New orders for manufactured goods made in the US fell 2.1 percent from a month earlier in October 2018, following a downwardly revised 0.2 percent growth in September and compared to market expectations of a 2.0 percent drop. This was the largest monthly decline in factory orders since July 2017 mainly due to a decrease in transport equipment orders (-12 percent vs 0.9 percent in September), such as civilian aircraft (-22.2 percent vs -19.1 percent), defense aircraft & parts (-59.3 percent vs 117.1 percent) and motor vehicles (-0.1 percent, the same as in September). Demand also fell for primary metals (-2.2 percent vs -1.3 percent) and machinery (-0.4 percent vs 0.2 percent), while there were increases in orders for fabricated metal products (1.7 percent vs -2.1 percent), computers and electronic products (1.7 percent vs 0.6 percent), and electrical equipment, appliances & components (1.7 percent vs -0.7 percent). Factory Orders in the United States averaged 0.28 percent from 1991 until 2018, reaching an all time high of 10.60 percent in July of 2014 and a record low of -10 percent in August of 2014.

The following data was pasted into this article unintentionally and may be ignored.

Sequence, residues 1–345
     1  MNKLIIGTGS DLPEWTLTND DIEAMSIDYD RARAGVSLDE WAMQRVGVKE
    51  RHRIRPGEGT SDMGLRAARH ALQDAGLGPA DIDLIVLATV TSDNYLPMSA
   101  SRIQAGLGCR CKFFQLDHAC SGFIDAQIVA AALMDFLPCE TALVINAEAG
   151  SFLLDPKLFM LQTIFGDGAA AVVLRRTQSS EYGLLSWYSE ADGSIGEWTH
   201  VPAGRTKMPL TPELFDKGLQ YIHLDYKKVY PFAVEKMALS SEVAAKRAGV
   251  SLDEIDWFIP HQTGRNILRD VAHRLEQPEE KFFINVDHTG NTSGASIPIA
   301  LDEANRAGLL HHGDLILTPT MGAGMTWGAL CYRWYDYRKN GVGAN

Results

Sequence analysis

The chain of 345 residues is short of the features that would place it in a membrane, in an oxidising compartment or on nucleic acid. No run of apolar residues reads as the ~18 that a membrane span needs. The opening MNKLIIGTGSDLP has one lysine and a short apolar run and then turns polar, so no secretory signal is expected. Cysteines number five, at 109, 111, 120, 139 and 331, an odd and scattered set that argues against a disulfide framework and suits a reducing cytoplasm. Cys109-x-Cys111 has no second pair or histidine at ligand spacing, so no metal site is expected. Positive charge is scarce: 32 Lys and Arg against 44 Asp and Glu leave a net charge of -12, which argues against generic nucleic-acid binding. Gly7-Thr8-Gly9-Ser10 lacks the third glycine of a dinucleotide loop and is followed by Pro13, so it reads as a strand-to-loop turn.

Factory Orders in the United States is expected to be 1.50 percent by the end of this quarter, according to Trading Economics global macro models and analysts expectations. Looking forward, we estimate Factory Orders in the United States to stand at 1.80 in 12 months time. In the long-term, the United States Factory Orders is projected to trend around 0.80 percent in 2020, according to our econometric models.